The family of an alleged human smuggler in Libya killed at least 30 migrants in a vengeful rampage following his death.
The 26 Bangladeshi and four sub-Saharan African migrants killed were believed by the family to have murdered a man trying to arrange their illegal passage through Libya to the coast, where they would presumably be taken by boat into European waters. Another 11 migrants were also reportedly wounded.
The violence took place in or around Mizdah, a town 110 miles south of Tripoli in the Nafousa Mountains, a statement from the internationally recognised Government of National Accord said on Thursday .
According to a report in the Bengali daily Dainik Jugantor, a survivor of the incident said a human trafficking gang was torturing them for more money when the captives revolted.
Mohammed Abdul-Rahman, the alleged migrant smuggler, was killed in a “mutiny” by those he was holding, the Libyan news website al-Wasat reported.
Afterward, his family sought revenge and, surrounding the building, retrieved the man’s body and convinced 100 migrants to surrender. They then attacked them with armoured vehicles and rockets, according to the news website.
News of the incident emerged after one of the migrants who escaped and was sheltering with a sympathetic Libyan family managed to phone the Bangladeshi embassy.
Libya is in the midst of a brutal civil war pitting forces loyal to the government in Tripoli against warlord Khalifa Haftar and his Arabian Peninsula patrons. It is also grappling with the coronavirus pandemic which has spread towards southern Libya in recent days.
The country has long been a transit point for migrants from Africa and elsewhere seeking to make their way to Europe. They often pay smugglers exorbitant fees to get them across through Libya and onto rickety rafts bound for southern Italian islands. The International Organisation for Migration estimates that there are more than 650,000 migrants from 40 countries in Libya.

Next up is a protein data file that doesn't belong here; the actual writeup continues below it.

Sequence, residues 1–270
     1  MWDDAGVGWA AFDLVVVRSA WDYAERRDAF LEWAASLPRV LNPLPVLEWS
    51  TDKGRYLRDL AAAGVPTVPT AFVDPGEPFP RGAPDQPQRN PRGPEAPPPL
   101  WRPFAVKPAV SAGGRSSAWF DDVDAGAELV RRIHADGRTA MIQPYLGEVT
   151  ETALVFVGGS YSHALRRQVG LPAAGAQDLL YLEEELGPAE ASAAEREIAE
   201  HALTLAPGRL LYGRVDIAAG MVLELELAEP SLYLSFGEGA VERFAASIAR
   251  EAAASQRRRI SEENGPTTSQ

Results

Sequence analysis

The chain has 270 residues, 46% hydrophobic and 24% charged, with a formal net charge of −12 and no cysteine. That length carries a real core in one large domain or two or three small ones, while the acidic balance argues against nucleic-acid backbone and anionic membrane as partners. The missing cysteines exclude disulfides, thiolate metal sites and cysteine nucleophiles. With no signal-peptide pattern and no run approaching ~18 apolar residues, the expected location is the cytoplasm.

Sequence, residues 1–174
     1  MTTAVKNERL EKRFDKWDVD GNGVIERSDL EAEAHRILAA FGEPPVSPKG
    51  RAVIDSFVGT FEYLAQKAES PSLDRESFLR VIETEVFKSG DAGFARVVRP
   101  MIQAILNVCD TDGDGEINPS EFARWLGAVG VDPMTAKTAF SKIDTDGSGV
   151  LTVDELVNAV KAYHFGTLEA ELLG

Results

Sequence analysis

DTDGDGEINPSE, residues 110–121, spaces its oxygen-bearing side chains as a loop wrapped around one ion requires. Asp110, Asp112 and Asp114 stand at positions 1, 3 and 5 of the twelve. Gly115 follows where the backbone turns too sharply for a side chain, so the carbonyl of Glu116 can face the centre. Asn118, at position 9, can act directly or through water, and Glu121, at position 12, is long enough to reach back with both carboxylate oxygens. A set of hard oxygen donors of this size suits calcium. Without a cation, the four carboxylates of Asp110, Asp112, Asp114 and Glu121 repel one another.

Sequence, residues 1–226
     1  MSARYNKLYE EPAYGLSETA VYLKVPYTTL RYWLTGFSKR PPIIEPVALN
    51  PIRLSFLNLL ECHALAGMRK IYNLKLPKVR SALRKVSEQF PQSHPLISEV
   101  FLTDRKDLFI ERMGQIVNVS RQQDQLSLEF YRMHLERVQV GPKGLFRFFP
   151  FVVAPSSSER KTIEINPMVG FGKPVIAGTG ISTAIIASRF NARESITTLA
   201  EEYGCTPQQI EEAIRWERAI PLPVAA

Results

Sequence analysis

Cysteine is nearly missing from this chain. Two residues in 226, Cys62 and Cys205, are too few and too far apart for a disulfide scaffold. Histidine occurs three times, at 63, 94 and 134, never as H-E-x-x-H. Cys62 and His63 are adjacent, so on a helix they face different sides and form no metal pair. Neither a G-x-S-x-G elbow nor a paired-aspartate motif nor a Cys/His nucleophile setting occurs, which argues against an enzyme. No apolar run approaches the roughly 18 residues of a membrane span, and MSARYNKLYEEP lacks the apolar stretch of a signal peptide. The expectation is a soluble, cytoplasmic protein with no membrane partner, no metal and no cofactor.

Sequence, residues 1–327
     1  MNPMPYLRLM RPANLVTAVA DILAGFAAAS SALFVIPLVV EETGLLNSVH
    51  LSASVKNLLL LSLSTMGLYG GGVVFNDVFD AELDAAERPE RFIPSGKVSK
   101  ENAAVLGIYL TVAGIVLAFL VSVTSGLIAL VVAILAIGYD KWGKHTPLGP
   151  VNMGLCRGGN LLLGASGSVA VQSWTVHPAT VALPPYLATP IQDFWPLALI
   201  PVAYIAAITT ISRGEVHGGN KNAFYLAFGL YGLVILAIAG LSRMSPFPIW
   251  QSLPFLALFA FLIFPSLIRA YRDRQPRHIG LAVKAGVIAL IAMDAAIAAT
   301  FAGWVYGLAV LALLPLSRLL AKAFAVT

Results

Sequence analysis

Smugglers often warehouse the migrants in hangars or farm buildings before packing them onto trucks bound for the Mediterranean coast. Tensions sometimes flare between migrants and their handlers over money and living conditions.
Libya’s interior ministry said it had ordered local authorities in Mizdah to issue warrants for those allegedly behind the killings. Bangladeshi officials also said they were struggling to glean more information about the incident, dispatching local employees to consult with wounded migrants recovering at hospital.
On Friday, Eurojust, the Netherlands-based European agency that combines the efforts of prosecutors, launched a new initiative to tackle migrant smuggling criminal networks which operate across countries and continents.
“Smuggling of migrants is not only a crime against international conventions and the interest of the states to control and protect their borders, but also a crime against human dignity, because smugglers exploit vulnerable individuals and their expectations for a better life,” Filippo Spiezia, vice-president of Eurojust, said in a statement.